Christian Living: Wicked Vinedressers

How does one maintain any balance between institution and belief, in religion?  Especially for us Christians, how do we maintain any balance between the institution and the Gospel?  Or further, how can we maintain an efficacious balance between the church as institution and the Church as Body of Christ?

In the Gospel of Luke, chapter 20, we find the parable of the wicked vineyard tenants (vs. 9-19).  This passage has always been intriguing to me for what it says about the religious institutions of the day.  In describing this passage, the Orthodox Study Bible says this:

In this parable, the man represents God the Father, and the vineyard refers to God’s people.  The vinedressers are the leaders of the Hews entrusted to care for the people.  Each servant sent by the owner stands for an OT prophet who comes to call people back to God, while the beloved son refers to Christ Himself.  

Christian Living: Wicked VinedressersIn this passage, the vinedressers (or religious leaders) are trying to keep from giving God any of the fruit of the vineyard.  To prevent this, they mistreat the prophets and ultimately cast the only-begotten Son out from their midsts and kill him that they might keep His inheritance for themselves.

What is this fruit that God is sending prophets and His Son to retrieve?

This fruit is the blessings of this life.  For us as Americans, it might also consist of the blessings accrued through Capitalism, the freedoms of American Democracy.  This fruit is our quality of life.  And, if political debate can say anything to matters of faith we see how adamantly our Society wants to hoard our various entitlements.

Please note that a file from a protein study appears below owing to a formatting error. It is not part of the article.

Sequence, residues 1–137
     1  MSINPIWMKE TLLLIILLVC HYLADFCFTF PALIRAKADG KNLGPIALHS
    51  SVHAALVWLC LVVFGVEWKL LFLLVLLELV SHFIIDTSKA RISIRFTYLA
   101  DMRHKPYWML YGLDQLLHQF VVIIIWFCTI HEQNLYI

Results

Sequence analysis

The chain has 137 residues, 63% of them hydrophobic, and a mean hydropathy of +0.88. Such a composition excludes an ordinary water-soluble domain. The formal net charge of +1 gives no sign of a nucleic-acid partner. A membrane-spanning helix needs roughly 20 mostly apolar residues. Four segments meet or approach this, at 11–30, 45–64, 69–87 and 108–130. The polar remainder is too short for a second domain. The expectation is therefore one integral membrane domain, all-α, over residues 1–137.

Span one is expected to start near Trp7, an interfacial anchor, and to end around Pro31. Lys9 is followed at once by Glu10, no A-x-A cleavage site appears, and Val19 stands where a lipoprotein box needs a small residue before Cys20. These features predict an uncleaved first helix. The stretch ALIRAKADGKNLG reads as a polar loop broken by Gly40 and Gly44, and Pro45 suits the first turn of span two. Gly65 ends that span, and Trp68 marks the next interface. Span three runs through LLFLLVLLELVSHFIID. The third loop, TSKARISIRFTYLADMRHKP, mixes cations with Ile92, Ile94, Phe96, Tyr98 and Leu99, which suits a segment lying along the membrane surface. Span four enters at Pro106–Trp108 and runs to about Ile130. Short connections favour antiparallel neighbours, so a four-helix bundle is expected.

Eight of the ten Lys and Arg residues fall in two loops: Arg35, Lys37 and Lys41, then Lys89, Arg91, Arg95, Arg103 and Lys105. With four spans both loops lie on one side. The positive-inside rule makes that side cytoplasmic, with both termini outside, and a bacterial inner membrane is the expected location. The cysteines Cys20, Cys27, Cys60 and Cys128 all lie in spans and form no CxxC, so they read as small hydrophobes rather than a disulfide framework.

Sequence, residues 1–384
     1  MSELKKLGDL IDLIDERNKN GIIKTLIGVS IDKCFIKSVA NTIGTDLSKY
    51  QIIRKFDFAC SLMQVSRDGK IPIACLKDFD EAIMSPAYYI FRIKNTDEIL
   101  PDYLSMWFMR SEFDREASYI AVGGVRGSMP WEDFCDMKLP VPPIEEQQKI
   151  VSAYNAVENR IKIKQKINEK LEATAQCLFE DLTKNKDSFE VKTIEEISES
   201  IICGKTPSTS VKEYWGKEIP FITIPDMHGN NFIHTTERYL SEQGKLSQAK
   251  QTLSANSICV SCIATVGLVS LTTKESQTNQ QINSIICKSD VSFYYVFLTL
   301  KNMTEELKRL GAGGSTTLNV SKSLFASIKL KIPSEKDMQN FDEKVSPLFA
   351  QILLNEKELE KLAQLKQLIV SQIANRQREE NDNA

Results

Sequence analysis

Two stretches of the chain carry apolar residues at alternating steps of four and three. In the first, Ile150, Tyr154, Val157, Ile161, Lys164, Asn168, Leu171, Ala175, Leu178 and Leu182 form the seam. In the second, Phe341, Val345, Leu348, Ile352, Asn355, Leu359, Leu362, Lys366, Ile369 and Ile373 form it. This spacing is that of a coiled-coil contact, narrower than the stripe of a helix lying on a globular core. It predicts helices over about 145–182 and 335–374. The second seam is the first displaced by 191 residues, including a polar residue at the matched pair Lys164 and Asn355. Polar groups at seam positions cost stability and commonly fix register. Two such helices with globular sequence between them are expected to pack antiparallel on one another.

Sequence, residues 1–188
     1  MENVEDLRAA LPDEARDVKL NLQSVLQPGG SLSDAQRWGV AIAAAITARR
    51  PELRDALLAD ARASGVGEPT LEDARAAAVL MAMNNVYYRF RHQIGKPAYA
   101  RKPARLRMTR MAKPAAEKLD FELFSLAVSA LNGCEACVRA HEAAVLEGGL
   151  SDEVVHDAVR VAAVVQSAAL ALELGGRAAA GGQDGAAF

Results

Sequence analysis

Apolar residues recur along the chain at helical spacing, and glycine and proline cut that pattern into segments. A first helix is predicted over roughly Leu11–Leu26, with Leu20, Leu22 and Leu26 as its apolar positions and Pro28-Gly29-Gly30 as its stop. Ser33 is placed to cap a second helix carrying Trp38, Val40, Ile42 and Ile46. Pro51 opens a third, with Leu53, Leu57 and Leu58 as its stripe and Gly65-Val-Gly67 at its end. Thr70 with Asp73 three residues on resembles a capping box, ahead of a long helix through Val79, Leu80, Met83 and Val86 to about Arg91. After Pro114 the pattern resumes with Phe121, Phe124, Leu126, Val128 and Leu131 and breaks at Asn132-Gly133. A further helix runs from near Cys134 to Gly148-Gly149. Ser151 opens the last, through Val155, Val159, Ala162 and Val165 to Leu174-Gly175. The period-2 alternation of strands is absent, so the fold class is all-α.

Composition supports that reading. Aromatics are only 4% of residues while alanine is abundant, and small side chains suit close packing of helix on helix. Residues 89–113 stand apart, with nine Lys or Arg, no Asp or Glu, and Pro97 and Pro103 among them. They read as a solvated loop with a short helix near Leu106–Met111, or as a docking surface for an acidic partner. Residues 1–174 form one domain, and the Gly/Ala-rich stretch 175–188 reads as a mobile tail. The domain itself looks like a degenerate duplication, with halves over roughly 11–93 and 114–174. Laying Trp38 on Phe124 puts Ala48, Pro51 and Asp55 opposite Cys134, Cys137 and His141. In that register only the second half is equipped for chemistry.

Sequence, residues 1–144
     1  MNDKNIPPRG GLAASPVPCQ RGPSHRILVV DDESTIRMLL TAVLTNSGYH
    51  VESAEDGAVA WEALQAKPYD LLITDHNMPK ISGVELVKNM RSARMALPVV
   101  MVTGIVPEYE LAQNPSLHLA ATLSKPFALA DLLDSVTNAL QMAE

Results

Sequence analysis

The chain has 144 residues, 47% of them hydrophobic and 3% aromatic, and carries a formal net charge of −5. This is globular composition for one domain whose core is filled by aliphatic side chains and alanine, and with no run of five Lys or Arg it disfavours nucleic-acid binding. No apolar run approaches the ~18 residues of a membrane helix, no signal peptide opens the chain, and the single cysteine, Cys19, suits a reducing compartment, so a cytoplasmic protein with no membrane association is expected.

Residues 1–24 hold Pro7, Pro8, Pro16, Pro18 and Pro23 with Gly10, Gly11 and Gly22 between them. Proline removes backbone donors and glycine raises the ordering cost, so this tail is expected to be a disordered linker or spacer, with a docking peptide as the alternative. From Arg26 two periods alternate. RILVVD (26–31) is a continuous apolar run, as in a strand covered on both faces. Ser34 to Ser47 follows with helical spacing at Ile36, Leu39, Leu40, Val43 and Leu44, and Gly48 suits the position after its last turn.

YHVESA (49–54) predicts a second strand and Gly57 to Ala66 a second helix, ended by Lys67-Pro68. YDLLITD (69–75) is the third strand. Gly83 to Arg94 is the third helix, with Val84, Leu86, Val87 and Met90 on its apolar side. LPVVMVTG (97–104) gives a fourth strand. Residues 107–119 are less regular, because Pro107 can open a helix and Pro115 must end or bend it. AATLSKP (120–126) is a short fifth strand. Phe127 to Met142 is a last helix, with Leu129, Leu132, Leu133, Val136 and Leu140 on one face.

Christian Living Requires Our Fruit

Does our culture (and at times our contemporary/emergent faith) seek to protect this fruit from being harvested by God?  Does our contemporary faith reject those servants, sent by God to encourage us to give some of this fruit to God?  Have we, in our modern expressions of Christianity, inadvertently rejected the prophets?  If we have, then we run the risk of re-Crucifying Christ.

Of course, we will dismiss this out of hand.  As the people in the temple responded to Christ, We the People in the Church will likewise undoubtedly say: “Certainly not!” (vs. 16)  Yet, the witness of the Holy Scriptures and the reality of Jesus’ Crucifixion confront us and call us to reconsider.

Especially during Great Lent, it is out task to look within and purge ourselves of those internal things that prevent us from yielding to God.  When we reject this notion, Christ implores us to “fall on that stone and be broken,” instead of having that stone fall upon us and being ground into powder (vs. 18).

We must ask ourselves: are we hoarding God’s fruit?  Have we rejected His servants, in order to keep our entitlements?  Worse, have we flat-out rejected Christ by our desire to hold on to what we have gained?

May God soften our hearts that we might receive His prophets!  May we welcome Jesus into our midst and be converted!  May God grant His Church the strength, the courage and the wisdom to prepare the faithful to willingly and lovingly give of their fruits to God!



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